What is more this anti-immigrant migration lobby is growing everywhere, including in Europe, America, and Britain.

    • Ireland

      Xenophobia -basic survival instinct, hard wired from Stone Age or earlier.
      Racism is a subset of xenophobia.

    • Comrade Koos

      Why worry about xenophobia? Stopping it does not do anything to garner votes to keep the ruling party’s two thirds majority. Keeping that two thirds majority is what counts (its vitally important), you can push through legislation to prevent corrupt leaders from being prosecuted using Secrecy Bills etc.

      Xenophobia – Are we surprised with role models like Jacob Zuma singing “Bring me my machine gun” while sucking up to the Gupta’s from India. That makes South Africans feel really proud, secure, comfortable and special.

      And dear old Julius Malema singing “Kill the Boer”, that’s really conciliatory isn’t it?

      Then 13 of our soldiers get killed in the CAR by rebels after we were warned to get out. And Zambian vice president says South Africa is not liked, then our local people have to compete for jobs against people from across the borders who are prepared to work far harder.

      At Marikana our own workers get gunned down by our own police. People who suffered under apartheid are not getting basic service delivery.

      I mean, “feel the love”.

      We need to sort out many things before South Africans will not look around for someone to blame.

      Blame the foreigners (not the ANC government) for our 22% unemployment when you are really hungry and only have a shack to live in, it makes sense.

    • http://none Lyndall Beddy

      The only countries not suffering the growth of anti- immigrant xenophobia are those with strong border controls and immigration laws which have been in place for decades – like America, the Scandinavian countries, Switzerland, Saudi Arabia, and Australia.

    • http://iafrica marty

      According to the anc – there is no xenophobia or genocide in SA?

    • Feel the Love

      1) A Short Illustrated History of Xenophobia in the United States

      2) Muslims face most racism in Sweden

      3) Xenophobia and Intolerance in Islamic Saudia Arabia,

      4) Australia is a xenophobic nation

      5) A recent study suggests that xenophobia is strong in Norway.

      6) Switzerland Faulted For Racism and Xenophobia

      Right wing wing-nuts think strict border controls eliminate xenophobia. Ask the Republican Party/Tea Party in the United States. Its political rhetoric to win votes, nothing else.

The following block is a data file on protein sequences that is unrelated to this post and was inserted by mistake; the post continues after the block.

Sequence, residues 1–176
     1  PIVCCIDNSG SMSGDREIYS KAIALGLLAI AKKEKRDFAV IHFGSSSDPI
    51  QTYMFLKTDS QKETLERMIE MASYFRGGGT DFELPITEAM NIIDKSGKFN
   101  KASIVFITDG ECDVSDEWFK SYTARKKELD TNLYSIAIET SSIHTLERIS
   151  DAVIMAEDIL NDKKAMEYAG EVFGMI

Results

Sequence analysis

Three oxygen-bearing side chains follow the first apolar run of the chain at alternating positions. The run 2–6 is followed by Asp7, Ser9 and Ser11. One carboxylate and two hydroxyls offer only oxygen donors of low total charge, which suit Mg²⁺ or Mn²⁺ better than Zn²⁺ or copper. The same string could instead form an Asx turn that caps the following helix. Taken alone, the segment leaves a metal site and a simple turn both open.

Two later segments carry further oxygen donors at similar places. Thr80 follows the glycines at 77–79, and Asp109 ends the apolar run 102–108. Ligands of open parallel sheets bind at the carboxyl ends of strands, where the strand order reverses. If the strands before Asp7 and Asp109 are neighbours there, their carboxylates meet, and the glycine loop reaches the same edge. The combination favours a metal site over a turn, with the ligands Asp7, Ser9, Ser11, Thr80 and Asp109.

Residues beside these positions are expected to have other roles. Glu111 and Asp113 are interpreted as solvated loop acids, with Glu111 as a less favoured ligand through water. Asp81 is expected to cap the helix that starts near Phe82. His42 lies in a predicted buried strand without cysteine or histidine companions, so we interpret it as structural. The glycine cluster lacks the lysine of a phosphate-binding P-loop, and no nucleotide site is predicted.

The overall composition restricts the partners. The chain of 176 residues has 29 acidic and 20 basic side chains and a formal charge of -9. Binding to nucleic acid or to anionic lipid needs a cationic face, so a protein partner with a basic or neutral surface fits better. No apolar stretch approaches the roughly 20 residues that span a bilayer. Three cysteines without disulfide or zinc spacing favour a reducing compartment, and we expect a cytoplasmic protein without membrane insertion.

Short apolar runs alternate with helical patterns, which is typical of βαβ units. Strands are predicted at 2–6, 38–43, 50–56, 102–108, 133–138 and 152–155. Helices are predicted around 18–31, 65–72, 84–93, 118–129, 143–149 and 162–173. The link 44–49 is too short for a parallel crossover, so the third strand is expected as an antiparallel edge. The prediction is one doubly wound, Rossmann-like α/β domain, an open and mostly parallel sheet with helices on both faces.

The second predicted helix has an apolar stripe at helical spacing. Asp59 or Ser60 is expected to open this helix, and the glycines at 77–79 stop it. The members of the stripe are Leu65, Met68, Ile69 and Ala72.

• http://none Lyndall Beddy

      Xenophobia is nothing to do with racism, the modern myth. Xenophobia is not wanting your culture, whatever it is, overwhelmed by an influx of another culture.

    • http://none Lyndall Beddy

      Africa’s citizens are all fleeing their tribal kleptocratic leaders. In North Africa they desperately try to get to Europe. In the rest of Africa they just migrate to South Africa and the ANC’s “open borders”. How the ANC expects the few million SA taxpayers to house, feed, and support them all, no-one knows, nor how all this is supposed to be the fault of Whites or “Apartheid”.

    • http://none Lyndall Beddy

      ANC ministers and bigwigs are continually telling us on radio “America is a land of Immigrants”, supposedly to encourage our open borders to this flood of African immigrants. Actually the true history of America is:

      A few hundred Whites from Europe established colonies in America – all of them White and Christian. They then brought in more of their own – millions more White Christians. They killed off the Native non- Whites and non- Christians. When there were enough of them they closed their borders to any more immigrants, including White Christians. America has had strong border control and restriction of immigration since before the First World War.

      The only different group were the Black Slaves – and the two groups have never really merged and are still fighting all the time. Why would we even want to copy America?

    • Habiballah

      @ Comrade Koos , I dont think foreign nationals in SA benefit from any created jobs, They create job for themselves and for others.
      A simple example all grocery products made in SA are distributed nation wide in location and town ships at a reasonable price by foreign traders till your door, increasing production and growth, therefor crating jobs for others, please look at the picture at wide range.

    • Feel the Love

      Wikipedia on xenophobia:

      “Xenophobia is an irrational or unreasoned fear of that which is perceived to be foreign or strange.[1][2] It comes from the Greek words ξένος (xenos), meaning “stranger,” “foreigner,” and φόβος (phobos), meaning “fear.”[3]

      Xenophobia can manifest itself in many ways involving the relations and perceptions of an ingroup towards an outgroup, including a fear of losing identity, suspicion of its activities, aggression, and desire to eliminate its presence to secure a presumed purity.[4] Xenophobia can also be exhibited in the form of an “uncritical exaltation of another culture” in which a culture is ascribed “an unreal, stereotyped and exotic quality”.[5] Vienna Declaration and Programme of Action urges all governments to take immediate measures and to develop strong policies to prevent and combat all forms and manifestations of racism, xenophobia or related intolerance, where necessary by enactment of appropriate legislation including penal measure…..”

    • http://none Lyndall Beddy

      Feel the Love

      Xenophobia, or any fear, is only irrational if there is nothing real to fear. It is, for example, not a persecution complex if you ARE being persecuted!

    • Truth be known


      Nonsense, you misread what was said. Irrational or unreasoned fear of that which is perceived to be foreign or strange leads to others (the victims) being persecuted.